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The demand for plug transplants by the Florida winter strawberry (Fragaria ×ananassa Duch.) industry may increase as water conservation during plant establishment becomes more important and the loss of methyl bromide fumigant makes the production of bare-root transplants more problematic. A study was conducted during the 1995-96 and 1996-97 seasons to determine the effect of container size and temperature conditioning on the plant growth and early season fruit yield of `Sweet Charlie' strawberry plants. Plants in containers of three sizes (75, 150, and 300 cm3) were grown in one of two temperature-controlled greenhouses (35 °C day/25 °C night or 25 °C day/15 °C night) for the 2 weeks just prior to transplanting into a fruiting field at Dover, Fla. Plants exposed to the 25/15 °C treatment had significantly higher average root dry weights at planting in 1995 and 1996 than did plants exposed to the 35/25 °C treatment. Plants exposed to the 25/15 °C treatment also had higher average fruit yields than the plants exposed to the 35/25 °C treatment (48% and 18% higher in 1995-96 and 1996-97, respectively). The effect of container size on plant growth and yield was variable. Plants propagated in the 150- and 300-cm3 containers tended to be larger (at planting) than the plants propagated in the 75-cm3 containers, but the larger container sizes did not result in consistently higher yields.

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stop growing ( Galletta and Bringhurst, 1990 ). Fall-planted June-bearing cultivars in an annual hill production system have proven effective for focusing fruit production in the early spring ( Black et al., 2002 ; Poling, 1993 ; Stevens et al., 2011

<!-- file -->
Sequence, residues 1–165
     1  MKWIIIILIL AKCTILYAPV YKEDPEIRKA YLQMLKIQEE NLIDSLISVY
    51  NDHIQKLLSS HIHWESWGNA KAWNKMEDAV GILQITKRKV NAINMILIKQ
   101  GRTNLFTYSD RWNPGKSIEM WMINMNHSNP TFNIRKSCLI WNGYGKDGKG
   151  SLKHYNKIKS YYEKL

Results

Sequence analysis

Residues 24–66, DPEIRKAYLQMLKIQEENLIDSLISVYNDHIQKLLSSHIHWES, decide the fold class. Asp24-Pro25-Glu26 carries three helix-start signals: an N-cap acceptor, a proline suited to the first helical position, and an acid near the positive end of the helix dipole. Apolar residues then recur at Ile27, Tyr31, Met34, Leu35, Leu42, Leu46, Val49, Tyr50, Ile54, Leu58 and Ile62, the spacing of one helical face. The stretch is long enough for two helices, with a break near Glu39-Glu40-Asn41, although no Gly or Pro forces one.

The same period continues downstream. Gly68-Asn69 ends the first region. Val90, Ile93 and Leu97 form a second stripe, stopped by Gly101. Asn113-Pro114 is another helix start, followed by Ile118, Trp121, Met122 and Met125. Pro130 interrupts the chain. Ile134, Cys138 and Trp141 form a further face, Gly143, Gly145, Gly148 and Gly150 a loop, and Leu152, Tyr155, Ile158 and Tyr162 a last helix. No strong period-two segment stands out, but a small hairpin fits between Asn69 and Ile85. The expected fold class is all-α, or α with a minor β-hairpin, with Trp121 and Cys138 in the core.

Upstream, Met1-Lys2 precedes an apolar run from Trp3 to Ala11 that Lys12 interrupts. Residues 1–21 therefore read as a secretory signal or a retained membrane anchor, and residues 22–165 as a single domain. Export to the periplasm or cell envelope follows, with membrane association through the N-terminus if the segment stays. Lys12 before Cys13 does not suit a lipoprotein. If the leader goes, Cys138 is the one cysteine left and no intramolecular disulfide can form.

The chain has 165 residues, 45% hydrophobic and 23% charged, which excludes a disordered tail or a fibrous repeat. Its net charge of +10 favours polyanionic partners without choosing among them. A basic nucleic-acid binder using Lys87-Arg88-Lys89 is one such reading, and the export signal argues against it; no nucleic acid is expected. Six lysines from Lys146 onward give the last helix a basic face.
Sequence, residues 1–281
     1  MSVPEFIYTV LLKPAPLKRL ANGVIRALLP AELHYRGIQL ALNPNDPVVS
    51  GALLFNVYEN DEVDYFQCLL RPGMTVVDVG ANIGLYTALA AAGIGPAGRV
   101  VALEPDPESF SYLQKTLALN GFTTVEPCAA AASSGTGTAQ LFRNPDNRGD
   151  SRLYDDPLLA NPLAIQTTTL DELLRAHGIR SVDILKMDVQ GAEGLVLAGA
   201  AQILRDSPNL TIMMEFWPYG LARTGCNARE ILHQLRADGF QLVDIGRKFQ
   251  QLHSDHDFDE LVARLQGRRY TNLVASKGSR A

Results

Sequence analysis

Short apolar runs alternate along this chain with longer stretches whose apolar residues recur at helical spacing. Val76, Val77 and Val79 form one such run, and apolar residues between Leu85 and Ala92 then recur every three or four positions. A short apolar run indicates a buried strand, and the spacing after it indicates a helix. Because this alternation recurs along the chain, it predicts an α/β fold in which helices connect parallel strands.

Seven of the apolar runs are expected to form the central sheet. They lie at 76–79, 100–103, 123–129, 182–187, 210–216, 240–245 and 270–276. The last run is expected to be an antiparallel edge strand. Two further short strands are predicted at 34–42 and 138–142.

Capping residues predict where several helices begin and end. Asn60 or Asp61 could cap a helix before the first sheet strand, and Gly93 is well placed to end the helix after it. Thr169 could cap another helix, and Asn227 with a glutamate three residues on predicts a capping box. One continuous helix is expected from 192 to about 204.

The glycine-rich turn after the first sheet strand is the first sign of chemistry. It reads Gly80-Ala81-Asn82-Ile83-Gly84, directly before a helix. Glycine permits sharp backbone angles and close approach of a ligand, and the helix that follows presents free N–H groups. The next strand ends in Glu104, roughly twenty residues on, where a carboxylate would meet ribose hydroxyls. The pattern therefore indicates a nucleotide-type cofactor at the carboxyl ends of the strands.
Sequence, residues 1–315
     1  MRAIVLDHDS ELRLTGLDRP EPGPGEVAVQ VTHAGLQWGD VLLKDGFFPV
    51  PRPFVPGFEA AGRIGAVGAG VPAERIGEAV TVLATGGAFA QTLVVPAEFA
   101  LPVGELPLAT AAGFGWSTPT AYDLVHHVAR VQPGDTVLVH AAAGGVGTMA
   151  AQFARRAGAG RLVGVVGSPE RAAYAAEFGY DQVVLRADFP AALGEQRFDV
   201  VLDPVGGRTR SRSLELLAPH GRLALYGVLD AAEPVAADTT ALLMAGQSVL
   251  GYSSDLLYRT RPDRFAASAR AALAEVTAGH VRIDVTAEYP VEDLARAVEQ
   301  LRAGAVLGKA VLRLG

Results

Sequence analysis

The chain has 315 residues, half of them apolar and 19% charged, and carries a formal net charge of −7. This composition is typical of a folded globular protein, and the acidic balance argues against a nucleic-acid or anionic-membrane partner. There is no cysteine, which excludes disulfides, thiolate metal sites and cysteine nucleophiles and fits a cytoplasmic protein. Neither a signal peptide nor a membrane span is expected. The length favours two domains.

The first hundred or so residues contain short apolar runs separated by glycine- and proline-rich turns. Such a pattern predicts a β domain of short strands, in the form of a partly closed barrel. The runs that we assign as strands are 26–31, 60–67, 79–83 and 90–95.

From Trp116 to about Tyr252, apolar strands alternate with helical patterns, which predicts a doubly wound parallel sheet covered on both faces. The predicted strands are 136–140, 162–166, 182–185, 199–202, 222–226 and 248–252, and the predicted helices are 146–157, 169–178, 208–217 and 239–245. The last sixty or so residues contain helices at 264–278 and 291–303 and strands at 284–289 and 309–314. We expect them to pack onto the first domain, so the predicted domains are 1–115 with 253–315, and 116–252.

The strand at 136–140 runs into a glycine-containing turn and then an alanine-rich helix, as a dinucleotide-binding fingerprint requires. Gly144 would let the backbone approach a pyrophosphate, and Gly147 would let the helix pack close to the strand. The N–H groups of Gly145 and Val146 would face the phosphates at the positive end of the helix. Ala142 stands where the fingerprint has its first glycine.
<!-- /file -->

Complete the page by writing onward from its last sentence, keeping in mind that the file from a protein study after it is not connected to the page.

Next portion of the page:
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growing season earlier into the spring, direct market-oriented producers are better able to attract new customers, maintain current customers, and take advantage of higher out-of-season prices. June-bearing strawberries in an annual hill production

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been replaced by the more productive annual hill plasticulture system for the commercial production of strawberries in most regions ( Butler et al., 2002 ; Samtani et al., 2019 ). Currently, sulfentrazone has a special local needs label for Ohio

Open Access

Four strawberry (Fragaria ×ananassa, Duch.) cultivars were grown in a winter strawberry fruiting study using the annual hill cultural system and polyethylene-mulched beds during two seasons. Plants were set on 15, 30, 45, and 60 cm in row-plant spacing with two rows per bed spaced at 45 cm. Increasing plant density in the fruiting field generally increased early fruit yield and sometimes total fruit yield during two seasons. Yields of cull fruit were also increased with increased plant density. Daughter plant production decreased with increased plant density. Growers should consider planting costs, fruit rot, and harvesting problems when selecting the plant density for fruit production.

Free access